• 1 teaspoon sugar (or more)
  • 1 tablespoon fish sauce (or soy sauce, or oyster sauce, or hoisin sauce)
  • salt to taste
  • 2 cups cherry tomatoes
  • 2 tablespoons chopped cilantro
  • (Optional) 2 lime wedges
Instructions
To cook quinoa
  1. Place quinoa in a fine mesh strainer. Rinse thoroughly with cool water. Drain and transfer to a saucepan.
  2. Add 2 cups water and salt. Cook over medium heat until boiling. Turn to medium low heat, cover, and simmer for 15 minutes.
  3. Remove the pot from heat and let sit covered for 5 minutes. Drain and transfer to serving plate.
To cook curry
  1. Combine shrimp, Japanese sake, and potato starch in a small bowl. Mix well by hand. Let marinate for 5 minutes.
  2. Heat 1 tablespoon coconut oil in a large nonstick skillet over medium heat until warm. Add shallot, garlic, and ginger. Cook and stir until it starts to sizzle.
  3. Add green curry paste. Stir and cook for a minute, until the herbs are evenly coated with the paste.
  4. Add coconut milk, chicken stock, sugar, and fish sauce. Cook until boiling. Turn to low heat. Let simmer until it thickens.
  5. Cook shrimp separately while simmering the curry. Add 1 tablespoon oil to another skillet and cook over medium high heat until warm. Add shrimp. Cook and stir until both sides turn white, but the shrimp are not cooked through yet. Sprinkle with salt and black pepper, stir to mix well. Transfer shrimp into the curry and save the remaining oil in the skillet.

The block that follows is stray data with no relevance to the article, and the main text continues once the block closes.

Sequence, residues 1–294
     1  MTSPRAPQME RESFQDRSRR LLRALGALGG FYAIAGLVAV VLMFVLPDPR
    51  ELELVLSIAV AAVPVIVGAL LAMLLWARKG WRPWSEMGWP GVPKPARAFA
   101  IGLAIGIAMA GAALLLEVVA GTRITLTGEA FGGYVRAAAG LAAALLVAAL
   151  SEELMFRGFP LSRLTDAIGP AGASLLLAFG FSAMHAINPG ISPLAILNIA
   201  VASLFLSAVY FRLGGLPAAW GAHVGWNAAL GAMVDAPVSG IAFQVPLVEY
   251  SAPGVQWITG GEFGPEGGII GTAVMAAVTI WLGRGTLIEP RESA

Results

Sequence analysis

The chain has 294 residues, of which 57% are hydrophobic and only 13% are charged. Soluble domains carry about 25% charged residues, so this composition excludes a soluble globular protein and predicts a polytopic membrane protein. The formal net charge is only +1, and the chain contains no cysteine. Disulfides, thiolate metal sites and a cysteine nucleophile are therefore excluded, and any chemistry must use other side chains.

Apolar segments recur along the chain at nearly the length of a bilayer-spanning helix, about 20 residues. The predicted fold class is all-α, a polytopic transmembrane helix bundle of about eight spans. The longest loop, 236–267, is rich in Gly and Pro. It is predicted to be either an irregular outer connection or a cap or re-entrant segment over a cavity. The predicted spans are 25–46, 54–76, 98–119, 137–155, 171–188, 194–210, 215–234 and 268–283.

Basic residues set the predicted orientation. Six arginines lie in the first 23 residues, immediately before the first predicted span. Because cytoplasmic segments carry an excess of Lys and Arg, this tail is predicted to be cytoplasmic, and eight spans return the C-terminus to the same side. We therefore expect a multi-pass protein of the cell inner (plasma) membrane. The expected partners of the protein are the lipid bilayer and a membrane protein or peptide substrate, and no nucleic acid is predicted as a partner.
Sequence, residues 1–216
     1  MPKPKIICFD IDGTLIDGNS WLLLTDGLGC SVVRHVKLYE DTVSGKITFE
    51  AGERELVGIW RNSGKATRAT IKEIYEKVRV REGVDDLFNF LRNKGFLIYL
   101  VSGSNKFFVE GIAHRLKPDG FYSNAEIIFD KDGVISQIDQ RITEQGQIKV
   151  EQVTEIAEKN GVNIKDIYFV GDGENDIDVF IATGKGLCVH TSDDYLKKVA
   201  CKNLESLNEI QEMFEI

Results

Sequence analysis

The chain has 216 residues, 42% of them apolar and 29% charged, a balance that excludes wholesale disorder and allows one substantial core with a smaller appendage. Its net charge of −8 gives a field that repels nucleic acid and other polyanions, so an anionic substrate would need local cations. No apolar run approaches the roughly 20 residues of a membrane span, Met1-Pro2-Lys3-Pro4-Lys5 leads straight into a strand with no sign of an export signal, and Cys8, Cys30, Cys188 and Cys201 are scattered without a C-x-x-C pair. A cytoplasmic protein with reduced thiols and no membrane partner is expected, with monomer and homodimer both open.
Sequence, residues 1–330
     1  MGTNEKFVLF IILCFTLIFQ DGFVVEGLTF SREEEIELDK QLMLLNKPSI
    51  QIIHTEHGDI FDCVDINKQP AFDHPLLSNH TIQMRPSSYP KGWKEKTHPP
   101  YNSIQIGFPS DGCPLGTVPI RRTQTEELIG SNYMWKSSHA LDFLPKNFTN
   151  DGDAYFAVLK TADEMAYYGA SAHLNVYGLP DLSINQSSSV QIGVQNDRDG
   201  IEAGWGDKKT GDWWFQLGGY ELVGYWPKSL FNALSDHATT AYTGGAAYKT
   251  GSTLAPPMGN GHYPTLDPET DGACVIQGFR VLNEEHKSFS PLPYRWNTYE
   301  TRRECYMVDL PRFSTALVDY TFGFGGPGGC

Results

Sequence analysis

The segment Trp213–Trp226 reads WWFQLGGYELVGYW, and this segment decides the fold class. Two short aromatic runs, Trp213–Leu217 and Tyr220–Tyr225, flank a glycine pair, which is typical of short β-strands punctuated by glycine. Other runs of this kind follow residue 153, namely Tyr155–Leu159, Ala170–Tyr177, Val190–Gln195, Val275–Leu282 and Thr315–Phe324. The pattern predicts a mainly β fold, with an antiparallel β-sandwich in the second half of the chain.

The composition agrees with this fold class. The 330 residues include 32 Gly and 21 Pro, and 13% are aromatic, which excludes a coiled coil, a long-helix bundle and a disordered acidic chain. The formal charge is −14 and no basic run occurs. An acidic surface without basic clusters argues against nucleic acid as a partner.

6. Add cherry tomatoes to skillet. Cook and stir over medium high heat until the tomatoes are cooked through and the surface slightly blistered. Season with salt and pepper. Transfer tomatoes into the curry.
  7. Mix the curry and taste it. Adjust the seasoning by adding more salt, if needed. Garnish with cilantro and give it a final stir.
  8. Pour curry with shrimp and tomatoes onto the quinoa. If you’re serving the curry with other sides, transfer the curry to a serving plate. Garnish with lime wedges.
  9. Serve warm as main.
Notes
1. You can also serve the dish with steamed rice, all kinds of noodles, flatbread (or even other types of bread), or tortilla chips (my favorite).

The nutrition facts are calculated based on 1 of the 4 servings generated by this recipe (without quinoa).

Green Curry Shrimp Nutrition Facts | omnivorescookbook.com

Disclosure

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Meet Maggie

Born and raised in Beijing, Maggie now calls Texas home. She’s learned to love barbecue, but her heart belongs to the food she grew up with. For her, Omnivore’s Cookbook is all about introducing cooks to real-deal Chinese dishes, which can be as easy as a 30-minute stir-fry or as adventurous as making your own dim sum. Recipes, step-by-step photos and video are the tools she uses to share her knowledge—and her enthusiasm for Chinese food.